What is Beacon?
A popular social network site, Facebook.com, launched Beacon program in the
early November 2007. Beacon is an advertising tool which was as part of Facebook
advertising platform for all 44 online partners such as Blockbluster, Overstock.com and
The New York Times to track Facebook users’ activities. Beacon recorded Facebook
users’ activities and proactively broadcast to their friends on Facebook once Beacon was
embedded into a partner’s web site. The notification window of Facebook members
would close unless the user opted out Beacon quickly. And the activity data would be
sent to the user’s friends through Facebook News Feed. Moreover, the opt-out notice was
appeared in a small window on Facebook and it disappeared quickly that Facebook users
could not take any action. Moreover, users were not able to reject all sharing on
Facebook, the notification window would appear every time when the user visit the
How does Beacon work?
As shown in Figure 1, Beacon tracks users’ activities on partner sites and would
ask Facebook if the user is a Facebook member (Arrow I). Facebook members would be
asked if their activities appeared and broadcasted to their friends as News Feed on
Facebook through a notification window (Arrow II). No information and activities would
be sent to their friends on Facebook if the user opted out Beacon (Arrow IV). However, if
the user did not opt out, and ignored the opt-out small window, Facebook would store
and take the user’s activity data (Arrow III) and sent the information and broadcasted to their friends on Facebook (Arrow V). For example, if a user rents a movie from
Blockbuster online, Blockbuster will ask Facebook if the user is a Facebook member. If
Facebook responds the question as yes, then Blockbuster will send the movie to the user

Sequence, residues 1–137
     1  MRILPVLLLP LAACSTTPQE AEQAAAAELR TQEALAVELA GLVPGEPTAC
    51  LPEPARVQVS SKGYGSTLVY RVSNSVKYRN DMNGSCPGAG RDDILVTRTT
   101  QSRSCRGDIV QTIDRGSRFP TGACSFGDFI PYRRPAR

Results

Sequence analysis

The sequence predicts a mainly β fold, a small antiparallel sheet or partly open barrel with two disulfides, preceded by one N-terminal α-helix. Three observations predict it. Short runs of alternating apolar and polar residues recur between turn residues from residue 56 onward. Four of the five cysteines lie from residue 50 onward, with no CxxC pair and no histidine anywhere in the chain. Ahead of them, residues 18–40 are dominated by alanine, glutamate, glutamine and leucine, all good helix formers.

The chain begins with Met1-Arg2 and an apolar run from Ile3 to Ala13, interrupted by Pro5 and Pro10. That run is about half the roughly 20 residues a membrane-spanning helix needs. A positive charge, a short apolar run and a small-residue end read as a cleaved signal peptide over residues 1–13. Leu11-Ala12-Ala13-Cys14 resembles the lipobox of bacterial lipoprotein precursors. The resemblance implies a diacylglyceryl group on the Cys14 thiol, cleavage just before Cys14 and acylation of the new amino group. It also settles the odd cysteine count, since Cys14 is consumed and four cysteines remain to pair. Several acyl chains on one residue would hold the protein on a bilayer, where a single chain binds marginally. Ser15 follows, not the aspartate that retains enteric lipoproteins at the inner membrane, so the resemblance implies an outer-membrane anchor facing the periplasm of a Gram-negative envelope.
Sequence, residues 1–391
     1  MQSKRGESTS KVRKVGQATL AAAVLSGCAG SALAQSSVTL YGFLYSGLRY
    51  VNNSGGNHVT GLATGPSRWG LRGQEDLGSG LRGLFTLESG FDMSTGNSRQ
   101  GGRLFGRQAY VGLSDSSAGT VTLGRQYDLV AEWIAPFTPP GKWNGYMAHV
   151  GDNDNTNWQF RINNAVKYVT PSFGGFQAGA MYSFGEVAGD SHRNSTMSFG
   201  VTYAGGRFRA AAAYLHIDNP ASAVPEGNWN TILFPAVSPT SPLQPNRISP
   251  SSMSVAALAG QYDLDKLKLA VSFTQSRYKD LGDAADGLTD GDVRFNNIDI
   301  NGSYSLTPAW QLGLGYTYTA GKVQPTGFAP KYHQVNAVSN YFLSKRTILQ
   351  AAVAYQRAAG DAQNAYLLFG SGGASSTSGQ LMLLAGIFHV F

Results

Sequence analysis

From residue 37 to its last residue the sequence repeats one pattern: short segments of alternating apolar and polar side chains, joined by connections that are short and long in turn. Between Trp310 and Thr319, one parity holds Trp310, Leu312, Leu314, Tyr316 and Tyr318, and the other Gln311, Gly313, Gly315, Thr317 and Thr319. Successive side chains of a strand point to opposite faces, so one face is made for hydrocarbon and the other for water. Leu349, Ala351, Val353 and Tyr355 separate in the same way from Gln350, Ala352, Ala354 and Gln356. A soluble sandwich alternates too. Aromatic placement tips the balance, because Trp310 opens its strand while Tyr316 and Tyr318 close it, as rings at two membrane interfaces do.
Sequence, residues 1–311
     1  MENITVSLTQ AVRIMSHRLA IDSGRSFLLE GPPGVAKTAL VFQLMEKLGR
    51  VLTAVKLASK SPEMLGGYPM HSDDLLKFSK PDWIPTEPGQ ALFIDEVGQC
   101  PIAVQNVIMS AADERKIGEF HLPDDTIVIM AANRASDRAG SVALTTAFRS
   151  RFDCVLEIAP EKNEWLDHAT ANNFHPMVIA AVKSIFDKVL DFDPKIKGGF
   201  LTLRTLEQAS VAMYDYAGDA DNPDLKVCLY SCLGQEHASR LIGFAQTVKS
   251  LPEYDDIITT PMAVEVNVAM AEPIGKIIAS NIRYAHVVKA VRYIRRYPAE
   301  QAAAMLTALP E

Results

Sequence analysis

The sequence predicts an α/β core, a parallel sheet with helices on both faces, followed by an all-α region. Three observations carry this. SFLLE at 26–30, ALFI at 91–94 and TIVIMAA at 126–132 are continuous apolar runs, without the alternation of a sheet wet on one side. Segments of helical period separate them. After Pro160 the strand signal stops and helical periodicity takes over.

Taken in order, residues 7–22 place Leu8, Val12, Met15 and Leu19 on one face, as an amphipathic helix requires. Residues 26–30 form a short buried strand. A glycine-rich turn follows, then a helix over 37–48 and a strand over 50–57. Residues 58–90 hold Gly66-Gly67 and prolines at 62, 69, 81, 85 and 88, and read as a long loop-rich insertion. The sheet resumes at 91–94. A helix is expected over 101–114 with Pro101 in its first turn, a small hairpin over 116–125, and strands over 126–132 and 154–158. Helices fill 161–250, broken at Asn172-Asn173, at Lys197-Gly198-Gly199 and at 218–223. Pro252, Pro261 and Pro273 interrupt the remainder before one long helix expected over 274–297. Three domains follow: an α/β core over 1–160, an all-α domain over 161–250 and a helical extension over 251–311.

rented on Facebook, and Facebook will store its user’s activity data.
How Beacon was involved in privacy issue?
Beacon “captured detailed data along with IP addresses of all visitors on a partner
site” (Martin, 2008, p.8) for both Facebook members and non-members. Moreover,
Beacon decided whether or not to store users’ activities data and broadcasted users’
information on Facebook when Facebook received all the tracking information.
Furthermore, Beacon tracked users even they did not log in Facebook or even after they
logged off their accounts and people who had just opted out Beacon of having their
activities information available to their friends on Facebook as News Feed. Even
Facebook improved the notification window to let its users opt out; users still could not
have the ability to opt out the Beacon service completely. In reality, “users were not
informed that data on their activities was always flowing back to Facebook, nor given the
option to block that information from arriving at Facebook” (Martin, 2008, p.10) The
Beacon program should be considered as illegal and unethical because Facebook linked
people online identities and their activities data without their permission before their
information were shared by their Facebook friends. In addition, there is a high potential
for embarrassment if Facebook users are not aware the work of Beacon service and are
not educated about their privacy settings. There were already reports and criticisms of
“Facebook ruining Christmas by announcing (via Beacon) the purchases of people who had planned on using those purchases as surprise Christmas gifts” (The Blork Blog,
2007) as seen as the example of the lawsuit: Lane v. Facebook.
Lawsuit: Lane v. Facebook
In November 6, Facebook launched the Beacon advertising program as a part of